I love to cuddle up with a cup of hot cocoa, turn off all the lights, and watch a spooky movie with my family during Halloween season. Classics like Hocus Pocus and Ghostbusters are fun favorites, and anything made by Tim Burton is usually fair game, but is Beetlejuice OK for kids to watch? I really want to introduce my kids to this '80s classic, but when is the right time?
Say his name three times to make him appear if you dare, but you may want to exercise a bit of caution if you plan to watch Beetlejuice as a family this Halloween. Yes, Michael Keaton is still just as hilarious as ever and you'll definitely get a kick out of singing and dancing to "Jump in the Line," but for young kids, the concept of spirits who haunt their home's new inhabitants and all that goes with it could be a bit much.
Back in 1988, Beetlejuice received a PG rating, according to IMDB. First established in 1968, the Motion Picture Association of America (MPAA) rating system classifies films based on their content so that viewers can easily determine whether or not a movie is appropriate for a certain age group. A PG rating means parents are urged to provide "parental guidance" as "some material may not be suitable for children," according to the MPAA.
If you haven't seen the iconic film in a while, taking the time to re-watch it before you decide whether or not to let your kids view the movie could be a good idea. There is definitely some coarse language, a few scary or gory images, and both sexual and suicide references that some kids might not be ready to digest quite yet. However, the decision of whether or not Beetlejuice is OK for kids to watch truly boils down to your personal family values and what you think your own kids can manage.
For example, my kids all know that they're not allowed to use curse words, so some adult language throughout a movie won't prevent me from showing it to my kids. They're all old enough to understand the concept of hearing a word like "sh*t" without repeating it. Parents on Common Sense Media reported on the cursing throughout Beetlejuice, which includes two F-bombs.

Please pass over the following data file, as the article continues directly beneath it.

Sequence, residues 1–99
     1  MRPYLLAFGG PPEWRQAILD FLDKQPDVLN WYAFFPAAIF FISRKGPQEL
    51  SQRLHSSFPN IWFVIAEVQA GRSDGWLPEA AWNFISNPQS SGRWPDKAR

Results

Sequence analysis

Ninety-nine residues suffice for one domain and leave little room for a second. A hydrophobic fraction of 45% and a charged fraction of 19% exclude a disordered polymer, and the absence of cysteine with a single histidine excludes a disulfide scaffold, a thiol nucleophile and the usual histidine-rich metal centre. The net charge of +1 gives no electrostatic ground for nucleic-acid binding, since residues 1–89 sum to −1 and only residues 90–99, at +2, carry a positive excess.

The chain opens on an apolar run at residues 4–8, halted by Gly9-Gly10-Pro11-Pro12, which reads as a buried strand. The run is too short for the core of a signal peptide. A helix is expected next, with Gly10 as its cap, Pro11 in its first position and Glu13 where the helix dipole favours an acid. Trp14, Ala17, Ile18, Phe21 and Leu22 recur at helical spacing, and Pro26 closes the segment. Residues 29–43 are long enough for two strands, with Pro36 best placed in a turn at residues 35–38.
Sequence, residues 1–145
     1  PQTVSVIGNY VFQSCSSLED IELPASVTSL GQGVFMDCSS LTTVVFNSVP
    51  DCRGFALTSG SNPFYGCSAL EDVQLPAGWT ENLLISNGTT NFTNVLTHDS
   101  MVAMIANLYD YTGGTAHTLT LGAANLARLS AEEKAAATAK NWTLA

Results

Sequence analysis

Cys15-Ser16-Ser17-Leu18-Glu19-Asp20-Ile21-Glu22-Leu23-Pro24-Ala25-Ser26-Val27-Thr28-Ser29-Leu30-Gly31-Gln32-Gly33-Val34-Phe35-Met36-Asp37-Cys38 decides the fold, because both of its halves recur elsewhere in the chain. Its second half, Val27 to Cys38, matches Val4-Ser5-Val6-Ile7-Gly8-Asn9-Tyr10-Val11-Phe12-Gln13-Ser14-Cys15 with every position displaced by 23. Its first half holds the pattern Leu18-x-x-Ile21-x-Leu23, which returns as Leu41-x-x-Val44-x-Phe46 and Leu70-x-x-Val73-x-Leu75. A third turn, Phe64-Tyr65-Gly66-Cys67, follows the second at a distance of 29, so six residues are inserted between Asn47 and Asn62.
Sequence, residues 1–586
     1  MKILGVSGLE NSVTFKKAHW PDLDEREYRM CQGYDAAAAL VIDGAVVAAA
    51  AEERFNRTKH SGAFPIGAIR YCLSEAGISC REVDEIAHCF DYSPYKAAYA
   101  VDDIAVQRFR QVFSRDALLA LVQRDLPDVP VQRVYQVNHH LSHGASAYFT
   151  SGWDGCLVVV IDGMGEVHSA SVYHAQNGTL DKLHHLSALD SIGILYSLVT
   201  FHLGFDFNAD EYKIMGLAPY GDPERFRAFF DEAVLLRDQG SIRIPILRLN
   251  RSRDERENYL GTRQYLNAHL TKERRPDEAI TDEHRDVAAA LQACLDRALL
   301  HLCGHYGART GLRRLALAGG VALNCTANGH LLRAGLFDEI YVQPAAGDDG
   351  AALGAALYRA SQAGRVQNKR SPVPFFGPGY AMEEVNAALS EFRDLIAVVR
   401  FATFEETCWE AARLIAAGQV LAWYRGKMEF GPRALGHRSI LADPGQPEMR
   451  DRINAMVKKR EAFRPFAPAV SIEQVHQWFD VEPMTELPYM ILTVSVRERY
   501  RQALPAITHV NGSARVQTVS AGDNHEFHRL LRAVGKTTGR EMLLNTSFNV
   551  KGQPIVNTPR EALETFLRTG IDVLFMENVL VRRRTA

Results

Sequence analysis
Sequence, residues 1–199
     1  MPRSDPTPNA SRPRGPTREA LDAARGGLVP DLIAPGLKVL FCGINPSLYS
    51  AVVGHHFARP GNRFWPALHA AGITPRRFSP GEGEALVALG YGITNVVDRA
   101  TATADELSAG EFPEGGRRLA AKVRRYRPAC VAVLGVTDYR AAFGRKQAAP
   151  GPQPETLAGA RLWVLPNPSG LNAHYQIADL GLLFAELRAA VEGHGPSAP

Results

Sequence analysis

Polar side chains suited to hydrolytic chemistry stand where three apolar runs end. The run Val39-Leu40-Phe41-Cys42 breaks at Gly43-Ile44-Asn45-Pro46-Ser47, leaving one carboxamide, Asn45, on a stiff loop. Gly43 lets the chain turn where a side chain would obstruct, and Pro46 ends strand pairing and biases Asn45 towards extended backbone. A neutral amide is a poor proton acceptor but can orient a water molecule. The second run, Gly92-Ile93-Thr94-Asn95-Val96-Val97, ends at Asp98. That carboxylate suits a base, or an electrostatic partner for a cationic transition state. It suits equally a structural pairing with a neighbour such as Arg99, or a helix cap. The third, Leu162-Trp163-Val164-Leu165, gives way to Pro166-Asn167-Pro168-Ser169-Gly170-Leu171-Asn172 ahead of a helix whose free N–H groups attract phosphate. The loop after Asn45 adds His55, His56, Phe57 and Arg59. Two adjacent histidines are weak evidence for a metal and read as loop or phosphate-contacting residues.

Another strong point of caution for parents on Common Sense Media are the sexual references made. At one point during the film, Beetlejuice tries to kiss Barbara without consent and then lifts her skirt. He's also invited into a brothel of sorts by scantily clad women, and Lydia mistakes ghosts moaning for her parents having sex. While no outright nudity is present, these are definitely instances to take into consideration depending on your children's ages and awareness of issues like consent.
Although Beetlejuice as a whole isn't considered an overly scary film, there are some instances of graphic images that kids who are easily spooked may not handle well. A woman blowing cigarette smoke through her slit throat and bloody limbs shown in the afterlife waiting room are prime examples. Personally, the giant worms in the dessert chasing everyone still freak me out a bit as an adult, and I know that scene would probably give my youngest nightmares.
Additionally, Common Sense Media noted that suicide contemplation is another heavy topic in the movie that children may not be ready to digest. Unless your kids already have a strong handle on the subject, this may be something to talk about prior to watching Beetlejuice together, lest you have to stop and explain during the movie.
Despite the PG rating by the MPAA, because of the curse words, scary moments, and various adult references, Common Sense Media rated Beetlejuice as appropriate for ages 13 and up. However, you know your kids better than anyone. If you feel like your kids are mature enough and aware enough to handle the subject matter, Beetlejuice is still a zany and belly-laugh-inducing way to get some spooky feels in as a family this Halloween.
This article was originally published on